Re: Why the style attribute shouldn't be abandoned

First, sorry for some of the flamy arguments in my previous
letter, it was late at night and I couldn't insist.
Trying to be more constructive this time.

I wrote:
>> Note, that removing @style would mean inconsistencies
>> with current CSS spec.

Lachlan Hunt wrote:
> Please explain what that means?

I meant, that existing CSS specification teaches us how
the style attribute is part of the cascade, and when we
drop style from HTML, we also have to drop it from CSS.

But I was wrong, because we still have style attribute in
HTML5, just only the <font> element can have it.

Which brings me to this use-case:

> Computer-generated HTML.
> The best example is Google giving you the HTML
> version of .doc or .pdf document.

This can actually be covered by the <font> element, only
that <font> requires you to have WYSIWYG signature and
you can't really say that HTML preview of PDF file was
generated by WYSIWYG editor.

Maybe we should have a COMPUTER-GENERATED signature instead?
That would cover a wider range of applications that produce
purely presentational HTML, including WYSIWYG editors.

(Computer-generated is probably bad term, because you could
also say, that any dynamic website is computer-generated.)

Thinking out loud...

The knowledge about the style attribute is ceartanly widespread.
I guess that every single CSS-introductory-book tells you,
that there are three ways to specify apply CSS rules: inline
styles, embedded stylesheets and external CSS files.
Even the best books with best intentions tell you this.
And every developer knows this attribute.

Of course, the better books tell you, that it's better not
to use it. But what I have noticed is, that the community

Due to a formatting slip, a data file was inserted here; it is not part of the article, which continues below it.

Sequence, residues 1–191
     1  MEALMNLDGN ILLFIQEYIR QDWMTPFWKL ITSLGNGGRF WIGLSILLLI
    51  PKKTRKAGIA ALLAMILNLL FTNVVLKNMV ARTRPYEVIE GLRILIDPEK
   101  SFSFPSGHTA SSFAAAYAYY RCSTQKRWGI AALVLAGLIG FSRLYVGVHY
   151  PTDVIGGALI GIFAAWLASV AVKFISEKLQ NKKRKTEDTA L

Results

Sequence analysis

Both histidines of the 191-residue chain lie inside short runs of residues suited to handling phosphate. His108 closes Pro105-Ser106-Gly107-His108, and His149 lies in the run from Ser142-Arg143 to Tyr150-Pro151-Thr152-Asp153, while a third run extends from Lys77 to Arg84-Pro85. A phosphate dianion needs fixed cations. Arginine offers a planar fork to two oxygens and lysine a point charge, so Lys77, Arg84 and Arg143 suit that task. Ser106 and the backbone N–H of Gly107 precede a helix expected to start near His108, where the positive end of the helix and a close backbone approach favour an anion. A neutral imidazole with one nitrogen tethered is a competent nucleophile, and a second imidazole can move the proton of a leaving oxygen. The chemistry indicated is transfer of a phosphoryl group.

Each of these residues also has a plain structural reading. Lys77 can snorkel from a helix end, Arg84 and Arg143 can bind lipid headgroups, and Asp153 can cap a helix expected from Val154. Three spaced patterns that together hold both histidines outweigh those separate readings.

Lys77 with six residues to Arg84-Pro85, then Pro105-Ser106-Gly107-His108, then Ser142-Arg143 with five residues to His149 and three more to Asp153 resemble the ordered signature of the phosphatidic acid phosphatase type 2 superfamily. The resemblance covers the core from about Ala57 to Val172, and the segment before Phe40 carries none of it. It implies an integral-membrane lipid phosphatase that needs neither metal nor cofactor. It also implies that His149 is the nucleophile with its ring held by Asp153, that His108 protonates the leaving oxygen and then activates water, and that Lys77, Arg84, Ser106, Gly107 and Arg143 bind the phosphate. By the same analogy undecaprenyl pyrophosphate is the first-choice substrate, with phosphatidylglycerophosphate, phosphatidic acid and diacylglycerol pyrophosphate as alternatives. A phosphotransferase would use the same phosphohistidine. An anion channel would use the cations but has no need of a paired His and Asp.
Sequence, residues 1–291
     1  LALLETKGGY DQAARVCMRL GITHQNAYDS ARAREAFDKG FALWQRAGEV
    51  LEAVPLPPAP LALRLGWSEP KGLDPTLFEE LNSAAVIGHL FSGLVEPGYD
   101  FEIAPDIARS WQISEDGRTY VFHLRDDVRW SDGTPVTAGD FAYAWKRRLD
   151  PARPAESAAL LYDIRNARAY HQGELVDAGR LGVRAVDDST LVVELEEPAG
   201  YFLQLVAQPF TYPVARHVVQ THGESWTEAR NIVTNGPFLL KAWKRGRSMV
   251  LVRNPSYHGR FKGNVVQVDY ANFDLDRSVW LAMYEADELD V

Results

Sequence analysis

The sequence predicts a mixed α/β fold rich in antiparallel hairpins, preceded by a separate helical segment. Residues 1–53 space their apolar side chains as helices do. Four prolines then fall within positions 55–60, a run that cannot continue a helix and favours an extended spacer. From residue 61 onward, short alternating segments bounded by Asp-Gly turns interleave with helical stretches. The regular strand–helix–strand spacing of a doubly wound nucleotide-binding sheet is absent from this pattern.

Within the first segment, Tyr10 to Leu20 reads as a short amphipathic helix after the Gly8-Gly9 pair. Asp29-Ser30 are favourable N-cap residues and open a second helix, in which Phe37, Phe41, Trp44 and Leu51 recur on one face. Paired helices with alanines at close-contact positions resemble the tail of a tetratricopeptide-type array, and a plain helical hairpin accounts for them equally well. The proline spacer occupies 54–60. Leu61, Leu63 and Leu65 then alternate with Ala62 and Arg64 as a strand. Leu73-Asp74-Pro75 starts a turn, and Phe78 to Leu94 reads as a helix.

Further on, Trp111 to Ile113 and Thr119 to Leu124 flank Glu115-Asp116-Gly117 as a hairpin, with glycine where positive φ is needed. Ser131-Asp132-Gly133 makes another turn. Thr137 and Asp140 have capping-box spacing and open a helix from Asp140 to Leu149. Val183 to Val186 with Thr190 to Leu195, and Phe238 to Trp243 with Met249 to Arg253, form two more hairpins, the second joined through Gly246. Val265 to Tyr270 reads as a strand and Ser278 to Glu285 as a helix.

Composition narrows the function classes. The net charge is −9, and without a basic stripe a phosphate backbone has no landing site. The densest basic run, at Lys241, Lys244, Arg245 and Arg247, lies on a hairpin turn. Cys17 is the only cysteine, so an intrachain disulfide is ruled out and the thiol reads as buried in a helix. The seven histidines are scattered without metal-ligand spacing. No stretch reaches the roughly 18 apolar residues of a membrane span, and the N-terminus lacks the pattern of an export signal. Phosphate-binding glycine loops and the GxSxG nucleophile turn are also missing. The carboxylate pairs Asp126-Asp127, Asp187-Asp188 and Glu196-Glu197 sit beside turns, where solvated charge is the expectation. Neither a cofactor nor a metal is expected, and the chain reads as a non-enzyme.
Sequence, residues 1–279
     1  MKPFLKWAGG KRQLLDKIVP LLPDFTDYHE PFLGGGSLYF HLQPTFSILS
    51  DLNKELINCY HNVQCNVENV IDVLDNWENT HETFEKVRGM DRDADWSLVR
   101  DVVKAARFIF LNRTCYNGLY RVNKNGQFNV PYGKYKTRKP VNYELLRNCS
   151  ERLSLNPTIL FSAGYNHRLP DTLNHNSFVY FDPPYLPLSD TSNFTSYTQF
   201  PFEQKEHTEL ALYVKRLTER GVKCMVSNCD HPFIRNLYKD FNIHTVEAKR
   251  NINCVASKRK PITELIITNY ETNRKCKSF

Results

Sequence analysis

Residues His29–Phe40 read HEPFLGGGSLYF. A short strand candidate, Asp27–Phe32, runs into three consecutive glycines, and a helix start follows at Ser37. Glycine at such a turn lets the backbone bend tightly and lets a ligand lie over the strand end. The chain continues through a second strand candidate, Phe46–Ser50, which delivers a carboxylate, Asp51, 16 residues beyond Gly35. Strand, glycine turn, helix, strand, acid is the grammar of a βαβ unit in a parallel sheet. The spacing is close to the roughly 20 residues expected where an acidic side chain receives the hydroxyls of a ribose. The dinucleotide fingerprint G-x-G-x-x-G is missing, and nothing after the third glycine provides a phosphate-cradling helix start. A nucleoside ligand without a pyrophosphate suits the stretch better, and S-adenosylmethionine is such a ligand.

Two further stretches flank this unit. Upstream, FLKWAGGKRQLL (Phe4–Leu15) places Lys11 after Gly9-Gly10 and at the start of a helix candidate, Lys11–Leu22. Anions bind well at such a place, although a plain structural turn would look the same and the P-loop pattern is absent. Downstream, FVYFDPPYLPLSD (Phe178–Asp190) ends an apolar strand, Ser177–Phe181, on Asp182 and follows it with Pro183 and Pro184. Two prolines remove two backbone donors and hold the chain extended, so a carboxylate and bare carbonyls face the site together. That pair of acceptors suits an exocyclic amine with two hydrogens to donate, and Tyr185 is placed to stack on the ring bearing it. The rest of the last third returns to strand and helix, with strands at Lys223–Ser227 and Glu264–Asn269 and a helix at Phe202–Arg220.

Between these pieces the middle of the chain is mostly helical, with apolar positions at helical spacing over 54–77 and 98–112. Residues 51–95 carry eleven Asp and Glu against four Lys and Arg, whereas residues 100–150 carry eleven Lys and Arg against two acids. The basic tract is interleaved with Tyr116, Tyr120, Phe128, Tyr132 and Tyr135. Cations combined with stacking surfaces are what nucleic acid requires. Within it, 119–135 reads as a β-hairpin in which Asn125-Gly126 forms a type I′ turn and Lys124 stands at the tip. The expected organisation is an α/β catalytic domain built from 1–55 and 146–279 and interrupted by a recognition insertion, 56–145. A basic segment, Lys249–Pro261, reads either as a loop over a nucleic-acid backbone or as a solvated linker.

usually tolerates a little use of it.

But clearly the community doesn't tolerate the <font> element
any more. I think there has been enough talk about the
evilness of <font>. It has been deprecated in current HTML
spec and so on.

What signal are we giving, when we bring back the <font>
element in HTML 5 (although only allowed to WYSIWYG tools)?

And what are we going to do with the pile of CSS books, all
teaching the use of style attribute?

Wouldn't it be better to just get rid of the <font>, like
the deprecated status in HTML4 promised, and allow style
attribute for every element (maybe only in WYSIWYG context).

Additionally "font" is not really a good name choice, because
you can use it to set any style, not just typography-related

Lachlan Hunt wrote:
> So, in summary, you're argument is that it is sometimes more
> convenient to use style="" than it is to assign an ID or class
> and place styles in a <style> element.


What I mean is, that having content and style separated is
not a goal in itself. The goal is to make our code more
easily manageble. And to achieve that, we have to reduce
complexity. Just like in any other software development.

Similarly like using functions in program source code is
not the goal in itself. The goal is to make code more
manageble by reducing complexity.

Usually defining functions helps to reduce complexity,
but you should be aware of over-engineering. If you
just want to say "Hello", then it's usually better to

   print "Hello";


   function hello() {
       print "Hello";
   /* a lot of code between */

It's quite the same with CSS. If you just want to write
a single line of text in red, it's most readable to use
inline CSS:

   My favorite color is <em style="color:red">red</em>.

It's much harder to understand code like this:

   <style type="text/css">
   .fav-color {
       color: red;
   <!-- a lot of HTML in between  -->
   My favorite color is <em class="fav-color">red</em>.

What was the gain of defining a new CSS class? Nothing.
It just increased the complexity of the page.

Sure, it's a good habit to not use inline styles, but if
you just use it for rare styles in rare documents, then
I don't see anything fundamentally wrong with it.

Rene Saarsoo

Received on Saturday, 30 June 2007 15:39:59 UTC